Open Access. Powered by Scholars. Published by Universities.®

Law Commons

Open Access. Powered by Scholars. Published by Universities.®

Articles 1 - 4 of 4

Full-Text Articles in Law

Electronic Communications And The Law: Help Or Hindrance To Telecommuting?, Jennifer C. Dombrow May 1998

Electronic Communications And The Law: Help Or Hindrance To Telecommuting?, Jennifer C. Dombrow

Federal Communications Law Journal

During 1997, an estimated 11.1 million workers preformed some portion of their work by telecommuting. This number is expected to grow as employers continue to discover the benefits that can result from instituting a telecommuting policy. This growth may be hindered, however, by controversy concerning employee privacy rights. Although the use of electronic communications in the workplace is common, the laws addressing employee privacy rights and employer monitoring rights concerning these communications are ambiguous. New legislation is necessary to specifically define the respective rights of employers and employees. Without this new legislation, the benefits of electronic communications in the ...


Assesing The Family And Medical Leave Act In Terms Of Gender Equality, Work/Family Balance, And The Needs Of Children, Angie K. Young Jan 1998

Assesing The Family And Medical Leave Act In Terms Of Gender Equality, Work/Family Balance, And The Needs Of Children, Angie K. Young

Michigan Journal of Gender & Law

While recognizing that parental leave is only one aspect of the FMLA, this Article concentrates on the provision allowing leave to parents in order to care for their children. Before analyzing the FMLA in detail, it is helpful to explore what aims a parental-leave policy should have. The purpose of this Article is to propose and defend three goals that parental-leave legislation should strive to meet: equality of career opportunities for men and women, the right to participate in both work and family, and meeting the needs of children. After articulating what parental-leave legislation should aim for in theory, this ...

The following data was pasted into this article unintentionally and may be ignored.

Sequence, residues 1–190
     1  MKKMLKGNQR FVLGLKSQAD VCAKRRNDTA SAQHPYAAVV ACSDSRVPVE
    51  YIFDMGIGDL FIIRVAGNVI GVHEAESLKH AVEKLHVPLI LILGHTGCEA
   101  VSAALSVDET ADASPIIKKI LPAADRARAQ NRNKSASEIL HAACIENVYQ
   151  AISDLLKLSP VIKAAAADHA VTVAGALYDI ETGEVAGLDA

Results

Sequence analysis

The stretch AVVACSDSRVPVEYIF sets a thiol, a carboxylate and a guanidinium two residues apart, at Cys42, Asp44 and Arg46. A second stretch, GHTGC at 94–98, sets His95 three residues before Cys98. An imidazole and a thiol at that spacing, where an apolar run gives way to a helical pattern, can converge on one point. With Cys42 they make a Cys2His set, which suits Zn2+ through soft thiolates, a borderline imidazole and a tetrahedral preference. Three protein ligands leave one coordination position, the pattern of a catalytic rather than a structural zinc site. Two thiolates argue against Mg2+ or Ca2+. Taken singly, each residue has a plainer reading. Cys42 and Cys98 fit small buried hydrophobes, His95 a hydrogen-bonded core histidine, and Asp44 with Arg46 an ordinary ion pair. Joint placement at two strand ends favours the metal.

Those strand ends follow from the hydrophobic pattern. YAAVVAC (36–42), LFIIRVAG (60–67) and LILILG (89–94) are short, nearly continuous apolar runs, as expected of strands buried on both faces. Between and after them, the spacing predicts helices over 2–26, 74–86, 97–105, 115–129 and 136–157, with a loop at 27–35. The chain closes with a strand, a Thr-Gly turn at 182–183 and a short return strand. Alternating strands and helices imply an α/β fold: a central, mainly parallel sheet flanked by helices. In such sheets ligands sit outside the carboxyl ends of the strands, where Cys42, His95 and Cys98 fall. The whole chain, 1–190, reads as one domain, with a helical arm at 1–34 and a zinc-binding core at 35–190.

How The Wagner Act Came To Be: A Prospectus, Theodore J. St. Antoine Jan 1998

How The Wagner Act Came To Be: A Prospectus, Theodore J. St. Antoine

Articles

The Wagner Act of 1935, the original National Labor Relations Act (NLRA), has been called "perhaps the most radical piece of legislation ever enacted by the United States Congress."' But Supreme Court interpretations supposedly frustrated the utopian aspirations for a radical restructuring of the workplace." Similarly, according to another commentator, unnecessary language in one of the Court's earliest NLRA cases "drastically undercut the new act's protection of the critical right to strike."'


The Continuing Relevance Of Section 8(A)(2) To The Contemporary Workplace, Michael C. Harper Jan 1998

The Continuing Relevance Of Section 8(A)(2) To The Contemporary Workplace, Michael C. Harper

Michigan Law Review

After embarking on his illustrious career as a legal academic, Theodore St. Antoine, through a multitude of roles, including those of scholar, teacher, administrator, pragmatic law reformer, and arbitrator, made innumerable contributions to the practice and development of many parts of American law. For most of us, however, as a scholar he will be associated primarily with the system of collective bargaining established and encouraged by the National Labor Relations Act (NLRA) and its progeny. During the first part of Professor St. Antoine's years as an academic, this system continued to flourish in America, as he, along with other ...